Hangovers can be a b*tch when you’re middle aged.
The Middle-Aged Hangover Part Middle IV
Middle aged hangovers are one of the more tedious symptoms of getting older. While it might seem unfair to gather age-defining lines on your face and extra weight around your middle, not being able to console yourself with more than a few glasses of wine, is plain evil.
My excesses of those innocent-looking bottles of horribly cheap wine began to haunt me the minute I first opened my fetid mouth this morning, when the dog actually rolled away from my breath.
There are certain days in your life when you simply have to ignore the nagging need to cram as much into 24 hours as is humanly feasible, simply to fulfill some perverse notion of needing to achieve something every day. It’s as though once you reach forty, you need to treat every day as if it were your last, (in case it is) and so wasting a day (and relaxing, say) seems the height of decadence.
Today was one of those days, when the effects of alcohol damaged my whole raison d’etre and I was forced to concede the day for the purposes of recovery.
I am a loser. I admit that I achieved a whole lot of nothing today.
Hangovers are bad news; middle aged hangovers with kids/teenagers are brutal.
Of course I couldn’t admit to my still-evolving, adolescent brood (to whom I am normally preaching about the effects of alcohol over-consumption), that their primary role model was hungover. I couldn’t explain the real reasons for my lethargy, pallid skin-tone, need to remain prostrate on the sofa, nausea at the foul stench of dog food and inability to communicate effectively.
Fortunately, a pre-existing lower back pain issue seemed a reliable cover for my excesses as I planted myself in front of the tv, dog at my side, and erased all plans of ‘living’ for the day.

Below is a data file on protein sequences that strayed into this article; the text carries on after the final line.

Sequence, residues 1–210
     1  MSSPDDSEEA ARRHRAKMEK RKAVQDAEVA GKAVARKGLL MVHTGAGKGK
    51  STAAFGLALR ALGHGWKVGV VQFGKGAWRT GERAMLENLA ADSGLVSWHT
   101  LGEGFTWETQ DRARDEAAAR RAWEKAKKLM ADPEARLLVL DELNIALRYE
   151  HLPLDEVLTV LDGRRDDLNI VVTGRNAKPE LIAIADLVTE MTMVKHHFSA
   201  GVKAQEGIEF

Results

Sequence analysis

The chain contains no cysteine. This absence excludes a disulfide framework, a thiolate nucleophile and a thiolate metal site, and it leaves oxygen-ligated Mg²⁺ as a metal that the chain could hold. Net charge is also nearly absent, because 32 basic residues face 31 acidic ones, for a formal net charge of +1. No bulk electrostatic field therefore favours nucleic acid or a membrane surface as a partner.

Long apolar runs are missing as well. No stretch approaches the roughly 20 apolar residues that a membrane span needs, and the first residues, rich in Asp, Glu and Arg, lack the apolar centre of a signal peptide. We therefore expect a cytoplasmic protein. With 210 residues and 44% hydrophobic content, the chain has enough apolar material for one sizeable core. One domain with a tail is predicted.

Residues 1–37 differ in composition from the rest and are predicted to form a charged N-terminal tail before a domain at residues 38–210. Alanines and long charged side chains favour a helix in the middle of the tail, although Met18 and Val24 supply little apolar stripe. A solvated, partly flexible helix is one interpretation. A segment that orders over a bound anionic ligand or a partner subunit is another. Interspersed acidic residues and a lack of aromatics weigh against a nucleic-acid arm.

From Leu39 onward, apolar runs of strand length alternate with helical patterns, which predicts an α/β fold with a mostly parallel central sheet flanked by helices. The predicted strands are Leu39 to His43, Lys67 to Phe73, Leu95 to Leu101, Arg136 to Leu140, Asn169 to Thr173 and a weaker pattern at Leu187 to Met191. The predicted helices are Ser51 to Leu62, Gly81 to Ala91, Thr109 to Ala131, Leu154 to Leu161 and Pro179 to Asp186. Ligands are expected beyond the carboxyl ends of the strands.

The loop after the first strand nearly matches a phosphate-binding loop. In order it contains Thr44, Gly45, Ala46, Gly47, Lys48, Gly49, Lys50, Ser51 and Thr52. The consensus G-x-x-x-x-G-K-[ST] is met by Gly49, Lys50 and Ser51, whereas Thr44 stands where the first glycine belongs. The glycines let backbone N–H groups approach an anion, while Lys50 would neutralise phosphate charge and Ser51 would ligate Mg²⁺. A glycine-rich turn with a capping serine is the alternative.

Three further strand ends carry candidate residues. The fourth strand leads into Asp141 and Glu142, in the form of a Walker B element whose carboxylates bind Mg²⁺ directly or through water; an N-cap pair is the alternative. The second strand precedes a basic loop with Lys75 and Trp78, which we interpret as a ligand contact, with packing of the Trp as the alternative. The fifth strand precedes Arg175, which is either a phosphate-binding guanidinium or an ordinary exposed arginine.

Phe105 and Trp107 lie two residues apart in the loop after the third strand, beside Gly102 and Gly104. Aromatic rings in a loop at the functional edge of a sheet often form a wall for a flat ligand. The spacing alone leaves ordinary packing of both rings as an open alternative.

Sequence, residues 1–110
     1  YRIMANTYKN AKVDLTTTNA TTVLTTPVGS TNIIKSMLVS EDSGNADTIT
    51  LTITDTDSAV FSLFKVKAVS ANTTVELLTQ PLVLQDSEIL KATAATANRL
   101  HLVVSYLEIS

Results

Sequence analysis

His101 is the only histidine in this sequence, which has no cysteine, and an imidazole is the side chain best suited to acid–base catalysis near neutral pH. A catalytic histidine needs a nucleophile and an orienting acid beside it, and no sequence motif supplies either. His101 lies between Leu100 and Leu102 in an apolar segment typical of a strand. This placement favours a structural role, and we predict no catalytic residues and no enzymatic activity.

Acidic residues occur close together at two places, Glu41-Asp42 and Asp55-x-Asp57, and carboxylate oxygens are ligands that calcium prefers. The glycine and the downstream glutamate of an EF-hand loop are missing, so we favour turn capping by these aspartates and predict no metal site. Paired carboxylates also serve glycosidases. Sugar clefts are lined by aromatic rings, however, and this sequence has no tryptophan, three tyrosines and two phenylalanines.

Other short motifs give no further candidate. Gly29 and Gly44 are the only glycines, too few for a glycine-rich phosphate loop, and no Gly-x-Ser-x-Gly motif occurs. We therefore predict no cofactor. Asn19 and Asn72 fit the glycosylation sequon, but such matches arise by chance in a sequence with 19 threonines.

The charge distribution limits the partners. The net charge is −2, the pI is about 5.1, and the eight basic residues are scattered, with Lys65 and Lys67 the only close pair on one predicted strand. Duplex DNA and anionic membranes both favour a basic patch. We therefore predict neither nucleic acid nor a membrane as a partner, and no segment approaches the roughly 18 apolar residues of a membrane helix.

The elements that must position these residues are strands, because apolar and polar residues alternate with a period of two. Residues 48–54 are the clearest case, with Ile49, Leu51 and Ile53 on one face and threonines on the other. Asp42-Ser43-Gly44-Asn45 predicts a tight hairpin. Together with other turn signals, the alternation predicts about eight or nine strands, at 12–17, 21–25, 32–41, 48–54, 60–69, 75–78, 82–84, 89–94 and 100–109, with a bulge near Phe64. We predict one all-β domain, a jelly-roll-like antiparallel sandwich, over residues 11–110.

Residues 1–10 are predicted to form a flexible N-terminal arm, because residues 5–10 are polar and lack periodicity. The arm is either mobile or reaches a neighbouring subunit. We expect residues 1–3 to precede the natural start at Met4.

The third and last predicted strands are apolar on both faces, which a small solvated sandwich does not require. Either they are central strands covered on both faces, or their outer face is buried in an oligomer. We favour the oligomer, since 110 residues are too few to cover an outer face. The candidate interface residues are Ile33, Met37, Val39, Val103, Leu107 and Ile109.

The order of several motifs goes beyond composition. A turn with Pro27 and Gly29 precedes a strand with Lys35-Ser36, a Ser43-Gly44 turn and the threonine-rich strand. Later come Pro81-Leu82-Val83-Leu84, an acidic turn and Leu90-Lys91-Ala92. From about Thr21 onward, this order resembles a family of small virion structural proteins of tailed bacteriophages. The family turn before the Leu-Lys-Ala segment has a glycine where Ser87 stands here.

‘Are you hungover?’ asked Kurt with a sly grin plastered on his face as I began to explain the symptoms of Sciatica in depth.
I did manage to achieve a few things: I increased the level of the old man’s contempt for me, slept through Jack Reacher for the third time, devoured my Maccas cure in five minutes flat (and without drawing breath), upset both my children and gained 2 kgs.
Am I disappointed in my juvenile behaviour? Do I think that other women of a certain age are still going out and getting sh*t-faced on occasion? Don’t judge me – I’ve already been punished.
Perhaps it is finally time for me to grow up.
I admit that I am guilty of still refusing to acknowledge my intolerance to cheap white wine on an empty stomach. Unfortunately, noisy bars where you can’t hear yourself speak (or anyone else for that matter) make me nervous and to allay my anxiety I tend to drink very quickly – the simile ‘like a fish’, springs to mind.
I never have days off. Even when I have a cold, I push on through coughing and spluttering, spreading my germs; stoically. There is little compassion in our house for illness – it is seen as weakness (or worst case, ‘neediness’) and in our family ‘strength’ is requisite for survival. I came from the school of ‘you only have a sick day if you need to be hospitalized’ type of parenting.
By midday, once I had accepted that the 2L bottle of orange juice and three cups of coffee and Panadol weren’t going to cure the hangover from hell, I sought a man fix.
Which is where those restorative powers of a good old-fashioned quarter pounder with cheese meal came in – my final attempt to cure the insatiable hunger (scientifically recognized as ‘the munchies’). Sometimes a girl simply has to do what a girl has to do – Darwin called it ‘survival of the fittest’ – and I needed that dose of cholesterol to survive today. I did mention in my last post, The ‘Replacing Food With Wine Diet’ For Women, that sometimes blowing the diet clear out of the water at the weekend is necessary for success. Today was one of those days.
Of course, the family folded completely without the nagging matriarch to organize them. Where was mum? Why was she lying on the sofa? Was she pretending to have a bad back again? You might think you get taken for granted as a mother, but only until you go down and all those on board go down with you.
On occasion, in order ‘to live’ you have to ignore caution and refuse to cow-tow to the effects of aging. Because when you are finally forced to surrender to old age, you want to know that you went out fighting.
‘Wine’ courtesy of Andrew Borodin at http://www.flickr.com